Liberation theology refers to forms of local or contextual theology that proposes that knowledge of God based on revelation leads necessarily to a Christian theological praxis that opposes unjust social and political structures. It has been described as “an interpretation of Christian faith through the poor’s suffering, their struggle and hope, and a critique of society and the Catholic faith and Christianity through the eyes of the poor”. Detractors have called it Christianized Marxism.
The best known form of liberation theology is that which developed in Latin America in the 1950s, however various other forms of liberation theology have since developed, including Asian, Black, and Palestinian liberation theologies, among others.
Although liberation theology has grown into an international and inter-denominational movement, it began as a movement within the Catholic Church in Latin America in the 1950s–1960s. Liberation theology arose principally as a moral reaction to the poverty seen[according to whom?] as having been caused by social injustice in that region. The term was coined in 1971 by the Peruvian priest Gustavo Gutiérrez, who wrote one of the movement’s most famous books, A Theology of Liberation. Other noted exponents are Leonardo Boff of Brazil, Jon Sobrino of Spain, and Juan Luis Segundo of Uruguay.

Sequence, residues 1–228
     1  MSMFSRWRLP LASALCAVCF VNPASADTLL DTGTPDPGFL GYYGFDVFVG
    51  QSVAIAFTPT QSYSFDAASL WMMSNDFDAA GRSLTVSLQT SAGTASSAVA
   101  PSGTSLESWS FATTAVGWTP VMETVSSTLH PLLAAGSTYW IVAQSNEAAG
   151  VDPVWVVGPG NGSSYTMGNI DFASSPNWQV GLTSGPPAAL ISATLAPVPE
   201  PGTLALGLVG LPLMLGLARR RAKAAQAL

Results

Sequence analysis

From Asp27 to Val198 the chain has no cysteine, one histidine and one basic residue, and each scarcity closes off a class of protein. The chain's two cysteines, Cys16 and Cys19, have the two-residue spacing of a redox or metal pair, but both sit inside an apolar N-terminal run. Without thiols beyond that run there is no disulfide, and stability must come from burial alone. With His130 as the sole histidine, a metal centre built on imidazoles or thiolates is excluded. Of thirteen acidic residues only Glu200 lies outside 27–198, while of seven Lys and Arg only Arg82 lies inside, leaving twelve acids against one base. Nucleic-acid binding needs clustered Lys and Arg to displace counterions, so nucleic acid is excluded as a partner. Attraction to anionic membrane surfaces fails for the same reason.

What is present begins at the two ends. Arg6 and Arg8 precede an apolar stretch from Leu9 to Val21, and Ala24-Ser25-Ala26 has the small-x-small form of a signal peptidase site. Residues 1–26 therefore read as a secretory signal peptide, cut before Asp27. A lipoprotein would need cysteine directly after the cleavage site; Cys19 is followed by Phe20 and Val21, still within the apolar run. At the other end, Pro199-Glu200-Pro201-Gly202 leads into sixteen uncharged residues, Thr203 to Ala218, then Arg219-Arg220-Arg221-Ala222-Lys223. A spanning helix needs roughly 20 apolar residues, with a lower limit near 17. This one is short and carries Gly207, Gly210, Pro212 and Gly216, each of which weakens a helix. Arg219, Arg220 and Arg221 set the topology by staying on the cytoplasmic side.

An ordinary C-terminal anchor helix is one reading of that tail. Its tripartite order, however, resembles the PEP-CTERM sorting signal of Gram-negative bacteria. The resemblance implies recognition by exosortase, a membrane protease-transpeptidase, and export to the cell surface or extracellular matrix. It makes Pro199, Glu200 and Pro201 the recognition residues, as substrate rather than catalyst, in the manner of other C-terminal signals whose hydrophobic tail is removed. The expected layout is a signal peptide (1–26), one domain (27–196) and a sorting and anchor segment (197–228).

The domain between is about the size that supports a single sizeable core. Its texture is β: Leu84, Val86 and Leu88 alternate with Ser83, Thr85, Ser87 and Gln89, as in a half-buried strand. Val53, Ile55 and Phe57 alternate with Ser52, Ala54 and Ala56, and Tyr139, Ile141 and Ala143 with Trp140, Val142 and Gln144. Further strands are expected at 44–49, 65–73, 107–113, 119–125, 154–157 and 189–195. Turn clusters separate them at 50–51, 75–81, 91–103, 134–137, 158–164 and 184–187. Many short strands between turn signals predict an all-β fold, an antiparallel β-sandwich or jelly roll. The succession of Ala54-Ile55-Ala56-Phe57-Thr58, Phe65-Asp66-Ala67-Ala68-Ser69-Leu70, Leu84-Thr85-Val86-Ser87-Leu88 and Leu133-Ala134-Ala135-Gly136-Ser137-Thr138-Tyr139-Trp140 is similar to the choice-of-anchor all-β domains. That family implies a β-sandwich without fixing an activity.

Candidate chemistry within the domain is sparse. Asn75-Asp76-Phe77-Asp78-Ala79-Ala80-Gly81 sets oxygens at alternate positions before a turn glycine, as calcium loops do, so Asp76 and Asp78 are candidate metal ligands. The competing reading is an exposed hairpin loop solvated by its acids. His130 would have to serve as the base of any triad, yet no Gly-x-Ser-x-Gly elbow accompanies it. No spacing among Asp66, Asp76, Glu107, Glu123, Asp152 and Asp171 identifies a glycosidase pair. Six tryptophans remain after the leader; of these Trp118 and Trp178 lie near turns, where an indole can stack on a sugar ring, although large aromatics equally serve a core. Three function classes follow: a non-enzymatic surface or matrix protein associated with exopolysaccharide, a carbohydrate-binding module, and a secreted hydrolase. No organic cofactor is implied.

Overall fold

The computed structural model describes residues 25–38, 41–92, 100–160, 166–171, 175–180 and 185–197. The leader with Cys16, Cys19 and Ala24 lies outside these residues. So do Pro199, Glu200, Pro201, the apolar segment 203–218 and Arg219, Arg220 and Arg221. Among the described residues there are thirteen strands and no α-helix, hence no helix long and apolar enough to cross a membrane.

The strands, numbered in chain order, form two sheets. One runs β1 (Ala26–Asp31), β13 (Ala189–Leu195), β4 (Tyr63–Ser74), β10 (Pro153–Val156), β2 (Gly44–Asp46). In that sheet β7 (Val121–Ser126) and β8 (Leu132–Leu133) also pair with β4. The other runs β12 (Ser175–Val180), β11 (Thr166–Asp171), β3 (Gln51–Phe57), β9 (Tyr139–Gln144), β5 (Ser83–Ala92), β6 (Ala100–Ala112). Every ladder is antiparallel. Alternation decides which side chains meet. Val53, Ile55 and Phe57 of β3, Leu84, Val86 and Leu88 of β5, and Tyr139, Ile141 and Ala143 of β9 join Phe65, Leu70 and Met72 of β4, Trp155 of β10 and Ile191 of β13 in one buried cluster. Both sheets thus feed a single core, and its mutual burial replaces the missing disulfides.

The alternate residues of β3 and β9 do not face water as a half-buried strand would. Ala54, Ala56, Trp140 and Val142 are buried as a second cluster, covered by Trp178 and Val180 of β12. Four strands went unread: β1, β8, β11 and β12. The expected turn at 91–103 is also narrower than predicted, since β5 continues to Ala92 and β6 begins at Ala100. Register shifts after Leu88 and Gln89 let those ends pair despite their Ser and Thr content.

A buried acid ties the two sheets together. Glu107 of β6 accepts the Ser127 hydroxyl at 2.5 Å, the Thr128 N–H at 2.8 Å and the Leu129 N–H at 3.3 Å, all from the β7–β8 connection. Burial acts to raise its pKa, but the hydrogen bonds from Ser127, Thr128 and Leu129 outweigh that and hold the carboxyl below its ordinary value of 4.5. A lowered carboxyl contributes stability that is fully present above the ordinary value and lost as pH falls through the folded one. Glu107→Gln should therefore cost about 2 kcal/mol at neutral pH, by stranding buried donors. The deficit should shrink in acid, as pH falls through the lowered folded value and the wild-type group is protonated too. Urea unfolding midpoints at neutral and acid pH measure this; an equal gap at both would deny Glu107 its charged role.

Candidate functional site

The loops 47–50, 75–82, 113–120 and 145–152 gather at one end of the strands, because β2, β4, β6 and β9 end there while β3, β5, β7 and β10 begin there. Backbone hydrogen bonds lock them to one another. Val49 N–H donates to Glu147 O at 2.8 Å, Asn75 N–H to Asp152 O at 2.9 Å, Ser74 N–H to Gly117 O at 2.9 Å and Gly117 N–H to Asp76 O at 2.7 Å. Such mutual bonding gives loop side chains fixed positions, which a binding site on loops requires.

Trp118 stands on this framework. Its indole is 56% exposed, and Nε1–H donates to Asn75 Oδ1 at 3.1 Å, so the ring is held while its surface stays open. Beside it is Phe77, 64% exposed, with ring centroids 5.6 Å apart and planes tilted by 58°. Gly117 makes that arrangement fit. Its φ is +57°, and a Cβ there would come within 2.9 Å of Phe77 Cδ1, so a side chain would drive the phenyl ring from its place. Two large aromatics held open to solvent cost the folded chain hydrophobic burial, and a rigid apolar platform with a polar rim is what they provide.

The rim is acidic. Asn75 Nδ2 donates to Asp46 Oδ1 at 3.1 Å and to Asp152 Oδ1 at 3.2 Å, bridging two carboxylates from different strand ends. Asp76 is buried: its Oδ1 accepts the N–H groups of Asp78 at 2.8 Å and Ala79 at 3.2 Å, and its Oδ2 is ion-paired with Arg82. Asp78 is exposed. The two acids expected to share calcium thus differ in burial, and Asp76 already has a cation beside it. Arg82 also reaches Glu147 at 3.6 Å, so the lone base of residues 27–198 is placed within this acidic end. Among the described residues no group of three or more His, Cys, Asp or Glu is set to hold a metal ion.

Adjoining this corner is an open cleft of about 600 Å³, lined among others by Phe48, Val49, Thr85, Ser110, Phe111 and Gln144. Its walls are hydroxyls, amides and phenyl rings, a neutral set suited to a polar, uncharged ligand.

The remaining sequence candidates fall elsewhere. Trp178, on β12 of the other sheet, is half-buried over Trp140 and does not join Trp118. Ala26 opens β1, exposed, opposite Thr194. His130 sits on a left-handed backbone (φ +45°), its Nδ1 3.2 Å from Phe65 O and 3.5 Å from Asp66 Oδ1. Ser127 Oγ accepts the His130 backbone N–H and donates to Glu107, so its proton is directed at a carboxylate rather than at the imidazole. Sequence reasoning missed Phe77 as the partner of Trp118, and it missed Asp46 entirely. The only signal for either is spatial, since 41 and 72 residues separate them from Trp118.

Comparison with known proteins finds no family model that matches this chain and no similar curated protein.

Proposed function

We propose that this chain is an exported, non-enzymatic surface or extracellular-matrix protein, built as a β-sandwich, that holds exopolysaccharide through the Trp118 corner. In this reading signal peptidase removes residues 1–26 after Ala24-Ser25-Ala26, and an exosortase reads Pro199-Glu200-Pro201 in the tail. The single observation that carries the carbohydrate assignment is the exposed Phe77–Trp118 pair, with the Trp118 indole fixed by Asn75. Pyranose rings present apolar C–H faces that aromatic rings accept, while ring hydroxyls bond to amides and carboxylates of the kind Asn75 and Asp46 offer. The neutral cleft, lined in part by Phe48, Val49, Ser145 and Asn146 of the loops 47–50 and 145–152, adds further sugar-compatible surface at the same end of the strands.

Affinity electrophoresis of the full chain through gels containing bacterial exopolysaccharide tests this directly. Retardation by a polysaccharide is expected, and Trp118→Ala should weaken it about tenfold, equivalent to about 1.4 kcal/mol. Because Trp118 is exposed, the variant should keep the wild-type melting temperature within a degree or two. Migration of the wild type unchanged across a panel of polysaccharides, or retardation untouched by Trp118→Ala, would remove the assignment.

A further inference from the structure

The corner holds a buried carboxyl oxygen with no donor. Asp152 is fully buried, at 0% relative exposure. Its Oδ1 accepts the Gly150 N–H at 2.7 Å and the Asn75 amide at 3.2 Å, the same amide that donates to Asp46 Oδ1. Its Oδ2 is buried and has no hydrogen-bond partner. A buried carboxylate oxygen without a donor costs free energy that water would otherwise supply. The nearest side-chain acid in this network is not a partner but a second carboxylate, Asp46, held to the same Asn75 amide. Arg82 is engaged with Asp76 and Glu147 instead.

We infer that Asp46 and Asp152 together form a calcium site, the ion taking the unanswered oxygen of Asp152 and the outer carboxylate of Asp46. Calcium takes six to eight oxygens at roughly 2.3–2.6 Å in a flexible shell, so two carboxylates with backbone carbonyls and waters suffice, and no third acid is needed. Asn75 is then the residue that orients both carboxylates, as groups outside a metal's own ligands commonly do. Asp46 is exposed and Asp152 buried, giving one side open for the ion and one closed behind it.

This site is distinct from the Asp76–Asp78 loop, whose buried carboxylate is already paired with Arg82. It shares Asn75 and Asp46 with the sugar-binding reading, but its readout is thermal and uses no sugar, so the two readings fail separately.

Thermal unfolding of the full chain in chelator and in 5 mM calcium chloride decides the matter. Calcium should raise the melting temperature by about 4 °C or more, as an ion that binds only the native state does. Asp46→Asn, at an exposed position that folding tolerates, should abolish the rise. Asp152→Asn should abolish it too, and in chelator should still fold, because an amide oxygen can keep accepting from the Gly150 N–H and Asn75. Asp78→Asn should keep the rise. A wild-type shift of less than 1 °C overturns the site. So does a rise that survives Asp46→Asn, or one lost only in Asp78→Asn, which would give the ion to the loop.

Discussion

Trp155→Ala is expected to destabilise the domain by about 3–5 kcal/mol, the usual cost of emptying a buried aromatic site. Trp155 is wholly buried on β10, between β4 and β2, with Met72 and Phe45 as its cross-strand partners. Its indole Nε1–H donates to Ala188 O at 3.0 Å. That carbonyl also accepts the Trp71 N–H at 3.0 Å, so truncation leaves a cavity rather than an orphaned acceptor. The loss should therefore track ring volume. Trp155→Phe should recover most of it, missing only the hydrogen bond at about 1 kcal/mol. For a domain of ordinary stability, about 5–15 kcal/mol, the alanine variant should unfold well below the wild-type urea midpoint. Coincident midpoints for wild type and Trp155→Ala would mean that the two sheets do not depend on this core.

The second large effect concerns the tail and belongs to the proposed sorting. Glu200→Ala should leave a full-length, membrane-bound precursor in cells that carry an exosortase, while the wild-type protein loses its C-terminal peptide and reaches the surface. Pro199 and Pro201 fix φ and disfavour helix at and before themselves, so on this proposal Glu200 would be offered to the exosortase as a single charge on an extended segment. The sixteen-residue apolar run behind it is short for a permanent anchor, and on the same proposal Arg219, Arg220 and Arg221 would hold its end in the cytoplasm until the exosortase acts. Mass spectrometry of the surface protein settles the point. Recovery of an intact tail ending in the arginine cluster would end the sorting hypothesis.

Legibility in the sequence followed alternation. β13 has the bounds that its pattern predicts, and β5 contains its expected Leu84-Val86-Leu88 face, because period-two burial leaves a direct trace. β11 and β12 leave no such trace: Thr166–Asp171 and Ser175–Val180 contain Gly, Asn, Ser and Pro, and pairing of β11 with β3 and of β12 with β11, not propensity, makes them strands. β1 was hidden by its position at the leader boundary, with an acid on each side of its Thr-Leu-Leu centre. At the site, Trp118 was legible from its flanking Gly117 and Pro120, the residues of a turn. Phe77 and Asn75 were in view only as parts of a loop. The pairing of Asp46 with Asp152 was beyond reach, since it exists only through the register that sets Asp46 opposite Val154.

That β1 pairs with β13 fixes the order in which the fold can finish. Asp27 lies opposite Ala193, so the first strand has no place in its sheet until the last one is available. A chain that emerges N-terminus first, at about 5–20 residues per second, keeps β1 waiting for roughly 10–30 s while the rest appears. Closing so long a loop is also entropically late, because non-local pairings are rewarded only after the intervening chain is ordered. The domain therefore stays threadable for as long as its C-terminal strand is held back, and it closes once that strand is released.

The influence of Latin American liberation theology diminished after proponents were accused of using “Marxist concepts” leading to admonishment by the Vatican‘s Congregation for the Doctrine of the Faith (CDF) in 1984 and 1986. The Vatican criticized certain forms of Latin American liberation theology for focusing on institutionalized or systemic sin, apparently to the exclusion of individual offenders and offenses; and for identifying Catholic Church hierarchy in South America as members of the same privileged class that had long been oppressing indigenous populations from the arrival of Pizarro onward.